Guidelines to Housing Allowance for Clergy Couples

Guidelines to Housing Allowance for Clergy Couples

Clergy couples are limited to the equivalent of one housing allowance between the two incomes, providing they live in the same location. In this instance, clergy need to be mindful of the amount requested by each spouse in the annual housing allowance resolution.

Generally, any expense to provide or maintain the home can be used to justify the housing exclusion. Regulations do specifically state that expenses for groceries, paper products, personal toiletries, personal clothing, and maid service cannot be used. You may legitimately include the following:

(1) rent, principal payments, or down payments plus the cost of buying the home;
(2) taxes and mortgage interest (even if these are includable as itemized deductions);
(3) utilities (heat, electric, basic telephone, water, etc.);
(4) the purchase of furniture, appliances, dishes and cookware, and decorating items including rugs, pictures, curtains, bedspreads, sheets, towels, etc.;
(5) insurance on the home and contents; and
(6) miscellaneous expenses including improvements, repairs and upkeep of the home and its contents, snow removal, lawn mowing, light bulbs, cleaning supplies, etc.

Up to 100 percent of compensation can be designated as housing allowance, but this does not necessarily mean that this is the amount which can be excluded from income taxes. IRS Publication 517 provides a definition of how much parsonage allowance can be excluded for ministers: “If you own your home and you receive as part of your pay a housing or rental allowance, you may exclude from gross income the smallest of the following:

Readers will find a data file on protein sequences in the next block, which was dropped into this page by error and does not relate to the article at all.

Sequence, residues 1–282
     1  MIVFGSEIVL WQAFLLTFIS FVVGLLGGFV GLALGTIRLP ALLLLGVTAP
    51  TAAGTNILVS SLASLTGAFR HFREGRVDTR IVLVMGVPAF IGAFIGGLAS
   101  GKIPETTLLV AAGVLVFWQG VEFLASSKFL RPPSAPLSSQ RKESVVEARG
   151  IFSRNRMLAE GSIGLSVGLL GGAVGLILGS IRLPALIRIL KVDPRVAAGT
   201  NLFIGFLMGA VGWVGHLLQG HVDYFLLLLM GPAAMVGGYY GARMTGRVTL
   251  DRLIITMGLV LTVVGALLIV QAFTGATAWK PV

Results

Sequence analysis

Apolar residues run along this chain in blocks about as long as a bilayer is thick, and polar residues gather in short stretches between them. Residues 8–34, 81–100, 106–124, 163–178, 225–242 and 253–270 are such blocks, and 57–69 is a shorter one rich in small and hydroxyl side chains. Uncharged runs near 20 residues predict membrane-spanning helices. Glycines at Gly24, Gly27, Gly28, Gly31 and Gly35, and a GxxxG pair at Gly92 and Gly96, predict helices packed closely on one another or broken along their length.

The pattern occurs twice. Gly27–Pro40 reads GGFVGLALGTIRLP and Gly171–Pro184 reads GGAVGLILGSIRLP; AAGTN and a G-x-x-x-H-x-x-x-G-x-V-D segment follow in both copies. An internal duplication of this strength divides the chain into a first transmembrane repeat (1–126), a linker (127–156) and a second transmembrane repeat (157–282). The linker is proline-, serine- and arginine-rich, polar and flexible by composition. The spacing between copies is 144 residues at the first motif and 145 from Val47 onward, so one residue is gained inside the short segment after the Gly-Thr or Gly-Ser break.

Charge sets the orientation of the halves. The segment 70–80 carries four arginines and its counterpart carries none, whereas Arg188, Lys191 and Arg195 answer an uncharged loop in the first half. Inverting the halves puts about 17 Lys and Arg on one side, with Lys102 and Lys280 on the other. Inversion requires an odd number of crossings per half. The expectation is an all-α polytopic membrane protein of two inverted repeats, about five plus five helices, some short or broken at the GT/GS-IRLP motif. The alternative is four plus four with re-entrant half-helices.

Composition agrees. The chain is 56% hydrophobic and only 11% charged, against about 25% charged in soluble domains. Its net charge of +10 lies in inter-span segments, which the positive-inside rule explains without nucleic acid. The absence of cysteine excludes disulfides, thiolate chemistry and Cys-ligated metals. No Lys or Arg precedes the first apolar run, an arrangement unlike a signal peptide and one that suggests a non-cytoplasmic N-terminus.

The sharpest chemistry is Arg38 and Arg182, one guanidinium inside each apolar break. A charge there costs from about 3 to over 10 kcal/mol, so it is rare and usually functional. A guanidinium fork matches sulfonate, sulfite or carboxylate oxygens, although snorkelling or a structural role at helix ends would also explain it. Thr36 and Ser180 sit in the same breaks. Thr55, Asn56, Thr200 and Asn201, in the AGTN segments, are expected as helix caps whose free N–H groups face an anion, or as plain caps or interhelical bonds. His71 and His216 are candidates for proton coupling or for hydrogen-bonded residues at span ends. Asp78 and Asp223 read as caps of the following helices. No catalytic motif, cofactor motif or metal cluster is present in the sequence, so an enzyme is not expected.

• The amount actually used to provide a home,
• The amount officially designated as a rental allowance, or
• The fair rental value of the home, including furnishings, utilities, garage, etc.

In some circumstances, a clergy couple may live in separate homes, serving in two different locations, each with a designated housing allowance.

In these situations, the clergy couple should have solid documentation to support the two housing allowances that are excluded from gross income. The clergy couple should also have good documentation of the reason for and the professional necessity of maintaining two separate homes.

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